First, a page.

But the difference between the enhancements of Mephisto or Loki and the stagnation of Thanos and Mordo is that a good writer can see the hidden possibilities and heretofore unexplored facets of a character, thus leading to a greater challenge for the hero.

One of Marvel’s primary arguments about Doctor Strange is that he was too powerful, and that magic, in and of itself had no “rules”, so it would be impossible to place Strange in any danger. To that I shake my head in disbelief.

Despite Marvel’s insistence that Doctor Strange was too powerful to be placed into jeopardy, in Brian K. Vaughan’s ‘The Oath’, not only was Strange nearly killed outright by a commonplace assassin, but the lives of Strange’s manservant/assistant/disciple/friend; Wong as well as the well-being of untold millions of people were threatened by the hands of a low-to-mid level minor mystic, who shared a similar back-story with Strange himself, and Strange is beset by an ancient beast that has killed every Sorcerer Supreme it ever encountered.  In that mini-series, Stephen Strange is in danger in each and every issue, from different sources and in different ways, and in each issue while strained to the limits by each encounter, he extricates himself from each of those dangers in believable and unique ways,

What is the difference between Doctor Strange casting some spell (or reclaiming some mystic artifact) in order to defeat a more powerful foe; or some “science-based” hero, like Tony “Iron Man” Stark or Reed “Mr. Fantastic” Richards from cobbling together some oversized mechanical “fix-it-all” machine that they point and shoot at the problem? None. No one is asking to see the math or the schematics to Mr. Fantastic’s all-powerful-thingamawhatsis, but Marvel sees the magic solution as “an easy out”.

Hypocritically, Marvel also sees it to be perfectly fine to use Strange as their own “fix-it-all” plot device whenever a writer plots himself into a corner. They really should just rename him Dr. Deus ex Machina.
Maybe Diablo could have been able to defeat Shuma-Gorath within Marvel’s rationale? If Doctor Strange was willing to let it go with a flip of a coin, perhaps, Diablo could have whipped up some concoction to give Shuma-Gorath a monstrous case of pink-eye!

The tragic irony in Marvel’s handling of Dr. Strange as a Deus ex Machina, is that they have allowed him to be used as such – and despite their protestations of same, continue to do so. But it is this very treatment that they have seen fit to label as a character flaw, when in fact the flaw is with the writers and editors.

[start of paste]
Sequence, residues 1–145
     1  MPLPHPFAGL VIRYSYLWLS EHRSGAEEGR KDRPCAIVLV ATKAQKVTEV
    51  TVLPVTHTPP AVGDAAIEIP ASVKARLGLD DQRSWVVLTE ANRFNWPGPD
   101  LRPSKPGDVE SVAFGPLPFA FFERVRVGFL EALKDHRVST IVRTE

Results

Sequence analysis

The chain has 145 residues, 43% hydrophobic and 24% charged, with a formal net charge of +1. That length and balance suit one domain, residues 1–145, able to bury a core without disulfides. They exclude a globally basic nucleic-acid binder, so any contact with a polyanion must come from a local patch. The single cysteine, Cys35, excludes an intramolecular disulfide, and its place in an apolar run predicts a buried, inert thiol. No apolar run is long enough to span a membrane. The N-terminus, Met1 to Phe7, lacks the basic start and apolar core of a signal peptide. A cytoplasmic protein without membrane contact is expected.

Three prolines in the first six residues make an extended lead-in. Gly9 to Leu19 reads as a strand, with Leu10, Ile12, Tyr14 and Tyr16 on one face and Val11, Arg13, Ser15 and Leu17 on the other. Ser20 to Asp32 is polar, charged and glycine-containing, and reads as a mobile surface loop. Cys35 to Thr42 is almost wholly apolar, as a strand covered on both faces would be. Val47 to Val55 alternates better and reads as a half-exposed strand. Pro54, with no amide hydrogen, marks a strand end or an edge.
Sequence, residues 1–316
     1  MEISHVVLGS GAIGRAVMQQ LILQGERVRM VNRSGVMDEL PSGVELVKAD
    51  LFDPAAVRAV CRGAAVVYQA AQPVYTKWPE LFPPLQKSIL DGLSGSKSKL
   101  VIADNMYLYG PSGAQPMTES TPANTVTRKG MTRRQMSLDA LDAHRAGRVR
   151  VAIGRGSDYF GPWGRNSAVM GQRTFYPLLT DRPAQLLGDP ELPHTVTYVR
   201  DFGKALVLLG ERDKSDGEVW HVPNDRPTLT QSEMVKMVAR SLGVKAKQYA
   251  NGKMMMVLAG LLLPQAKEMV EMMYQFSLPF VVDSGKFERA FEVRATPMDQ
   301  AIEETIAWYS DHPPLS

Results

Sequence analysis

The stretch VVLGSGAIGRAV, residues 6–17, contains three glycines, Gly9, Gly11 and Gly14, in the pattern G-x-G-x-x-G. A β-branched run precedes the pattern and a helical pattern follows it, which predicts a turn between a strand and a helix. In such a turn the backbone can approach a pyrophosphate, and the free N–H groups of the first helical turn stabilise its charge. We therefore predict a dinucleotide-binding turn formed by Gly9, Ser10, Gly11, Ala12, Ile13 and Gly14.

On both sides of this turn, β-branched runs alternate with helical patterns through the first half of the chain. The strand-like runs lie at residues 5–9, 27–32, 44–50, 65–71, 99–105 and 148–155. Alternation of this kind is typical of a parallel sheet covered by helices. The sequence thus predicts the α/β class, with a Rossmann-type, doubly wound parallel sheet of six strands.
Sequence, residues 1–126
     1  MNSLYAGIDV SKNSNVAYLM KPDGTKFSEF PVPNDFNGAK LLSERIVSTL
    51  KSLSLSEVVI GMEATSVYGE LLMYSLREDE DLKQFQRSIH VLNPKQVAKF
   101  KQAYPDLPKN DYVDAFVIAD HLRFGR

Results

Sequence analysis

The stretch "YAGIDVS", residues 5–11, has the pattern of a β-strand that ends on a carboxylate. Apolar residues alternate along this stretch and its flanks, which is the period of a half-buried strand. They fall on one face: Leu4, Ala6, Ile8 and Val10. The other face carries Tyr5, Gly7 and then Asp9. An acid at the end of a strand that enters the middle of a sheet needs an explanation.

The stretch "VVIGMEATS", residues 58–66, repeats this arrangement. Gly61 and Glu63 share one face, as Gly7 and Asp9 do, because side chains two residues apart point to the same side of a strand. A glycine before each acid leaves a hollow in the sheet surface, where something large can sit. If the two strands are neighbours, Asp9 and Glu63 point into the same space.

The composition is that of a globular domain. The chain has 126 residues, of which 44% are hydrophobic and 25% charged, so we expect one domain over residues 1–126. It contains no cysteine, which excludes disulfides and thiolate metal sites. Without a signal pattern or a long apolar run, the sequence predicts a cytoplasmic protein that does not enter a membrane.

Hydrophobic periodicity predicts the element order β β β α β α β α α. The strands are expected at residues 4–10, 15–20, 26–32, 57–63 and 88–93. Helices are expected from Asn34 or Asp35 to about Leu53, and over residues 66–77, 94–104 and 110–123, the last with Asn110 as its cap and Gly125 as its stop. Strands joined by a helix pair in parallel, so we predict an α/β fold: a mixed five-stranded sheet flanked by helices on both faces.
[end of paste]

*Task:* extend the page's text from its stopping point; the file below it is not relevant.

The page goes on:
To counterbalance this trend, this has led to Strange’s being used to show how big a threat is, by its presenting him with a hard time, if not a total defeat, so that the other, more popular heroes can swoop in and save the day. This Marvel thinks allows the reader to see the threat level, as well as a means to an end by which Strange can be “taken down a peg”. Unfortunately, this occurs so often that it seems that there isn’t much Strange can actually do anymore. (This is the subject of the 4th and 5th entries in my series. # 4: Dr. Strange has 'Magic Powers' [HERE] and # 5: Dr. Strange is Now An Inept mage [HERE].)

However, in all the time that Strange has been used as a “magic eraser” in others’ titles, or as a veritable weakling recently, the threats that he once fought are still out there. The fact that they haven’t attacked our dimension as of late is almost impossible to believe.

However, in all the time that Strange has been used as a “magic eraser” in others’ titles, or as a veritable weakling recently, the threats that he once fought are still out there. The fact that they haven’t attacked our dimension as of late is almost impossible to believe.

To that extent, I find it odd that Marvel “depowered” the one who could be our last stop gap of reality-level attack. I also find it incredible that Dr. Strange, no matter how “weakened” by his loss of status or tools, would resign himself to street-level heroics against mundane forces of evil like Norman Osborn when at any moment, a threat to our reality could manifest. Anyone who has ever read a pre-Bendis issue or appearance of Doctor Strange would know that in the absence of a new “Sorcerer Supreme” whose task it is to combat such menaces, Stephen Strange would feel it his responsibility to continue on in a de-facto capacity, until a new candidate could be secured. What? With the apparent death of Doctor Voodoo, our realm has no need or no replacement for the mantle? It may be Marvel’s current crop of creators might think that with the Avengers at his side, that Strange now has a veritable army at his disposal – except, as was evidenced by the “Agamotto” debacle (and in pretty much every similar instance going back to the Avengers/Defenders War), regular earth-based heroes aren’t usually effective against mystical menaces.